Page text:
How A 1970s Plan For San Diego Sustainability Still Has Relevance
In 1974, the publication of “Temporary Paradise?” an unofficial but seminal San Diego planning document by urban planners Kevin Lynch and Donald Appleyard, kicked off the modern era of planning for the region and promoted local sustainability — even before the concept of sustainability had much currency.
The document still has relevance in a San Diego struggling with issues of sustainability and growth in the 21st century, according to San Diego State University professor Bruce Appleyard, son of one of the report's original authors.
Citizens Coordinate for Century 3, a local planning and urbanism advocacy group, is preparing to publish a commemorative reprint of the document.
The edition will contain seven new essays by such local planners as Bruce Appleyard, as well as New School of Architecture professor Michael Stepner and San Diego State University professor Larry Herzog.
Recently Bisnow asked Bruce Appleyard about the report's importance in the current climate.
Bisnow: What is the relevance of “Temporary Paradise?” now, after nearly 35 years?
Appleyard: “Temporary Paradise?” is as relevant today as it was when it first came out, and in some ways, even more so.
The authors give guidance on valuing and preserving our canyons, providing housing and jobs in existing neighborhoods and around transit stations — while slowing suburban growth — building robust walking, bicycling and transit networks, and renewing major centers, such as Mission Valley. These are the tenets of creating a sustainable region, and many issues we are still grappling with today.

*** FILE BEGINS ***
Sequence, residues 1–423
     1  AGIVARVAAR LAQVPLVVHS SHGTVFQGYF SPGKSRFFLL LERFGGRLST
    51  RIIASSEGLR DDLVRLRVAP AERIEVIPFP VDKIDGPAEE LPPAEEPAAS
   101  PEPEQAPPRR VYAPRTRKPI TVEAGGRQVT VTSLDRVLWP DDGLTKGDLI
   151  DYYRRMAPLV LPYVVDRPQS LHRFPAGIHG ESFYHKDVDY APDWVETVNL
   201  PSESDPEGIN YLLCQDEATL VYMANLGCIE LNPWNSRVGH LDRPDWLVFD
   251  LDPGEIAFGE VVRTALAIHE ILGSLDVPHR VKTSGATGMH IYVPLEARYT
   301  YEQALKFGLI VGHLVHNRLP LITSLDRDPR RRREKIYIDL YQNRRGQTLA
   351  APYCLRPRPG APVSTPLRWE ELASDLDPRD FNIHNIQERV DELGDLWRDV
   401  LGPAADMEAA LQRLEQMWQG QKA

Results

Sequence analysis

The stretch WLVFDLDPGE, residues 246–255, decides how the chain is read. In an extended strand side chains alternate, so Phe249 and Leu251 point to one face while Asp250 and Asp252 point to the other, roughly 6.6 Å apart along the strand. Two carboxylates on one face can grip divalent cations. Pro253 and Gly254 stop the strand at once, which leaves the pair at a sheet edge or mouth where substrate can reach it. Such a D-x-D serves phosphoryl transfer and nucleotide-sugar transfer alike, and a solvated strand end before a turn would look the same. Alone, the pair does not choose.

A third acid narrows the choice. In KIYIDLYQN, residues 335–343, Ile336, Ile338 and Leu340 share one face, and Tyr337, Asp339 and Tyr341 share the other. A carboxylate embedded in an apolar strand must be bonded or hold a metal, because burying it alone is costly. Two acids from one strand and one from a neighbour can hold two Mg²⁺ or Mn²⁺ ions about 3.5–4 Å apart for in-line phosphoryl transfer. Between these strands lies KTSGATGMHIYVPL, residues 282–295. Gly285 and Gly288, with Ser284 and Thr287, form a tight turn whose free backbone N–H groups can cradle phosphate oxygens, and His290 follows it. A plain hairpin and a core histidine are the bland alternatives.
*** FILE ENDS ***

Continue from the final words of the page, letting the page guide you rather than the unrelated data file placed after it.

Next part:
While most planning exercises are either driven by highly local interests or disciplinary silos (such as our regional transportation plans), this document is unique in that it provides a comprehensive regional vision showing how everything is connected through an environmental quality and urban design lens.
Bisnow: Shouldn't some of the new tech we have now be considered when it comes to planning? That is, tech that didn't exist in 1974?
Appleyard: Yes. Some of the new things we have to consider going forward are the technological advancements in our handheld devices that enable our transportation, such as with Uber/Lyft, and our land use patterns (Airbnb), as well as the future of vehicle autonomy and the rise of Mobility-as-a-Service. These new technologies may even be harnessed to encourage and reward socially desirable behaviors.
Bisnow: How did Tijuana figure in the report?
Appleyard: The report advocated for stronger regional collaboration between San Diego and Tijuana, providing guidance on how this can come about through strong joint action. It's believed to be the catalyst for many cross-border collaborations we have today.
Bisnow: Can San Diego become a smarter and more sustainable city in the 21st century, and how?
Appleyard: There are several things the region can do to grow more sustainably: First, value planning and urban design, as well as planners and urban designers themselves. Recognize also that markets perform well with planning.
Also, develop a vision, and a sustainability, livability and equity performance measurement framework that can help guide all subsequent planning decisions, and stick to it!
Finally, it will take political leadership and will to bring us together as a region, overcoming institutional barriers and disciplinary silos, in a comprehensive manner to realize a more sustainable future for all.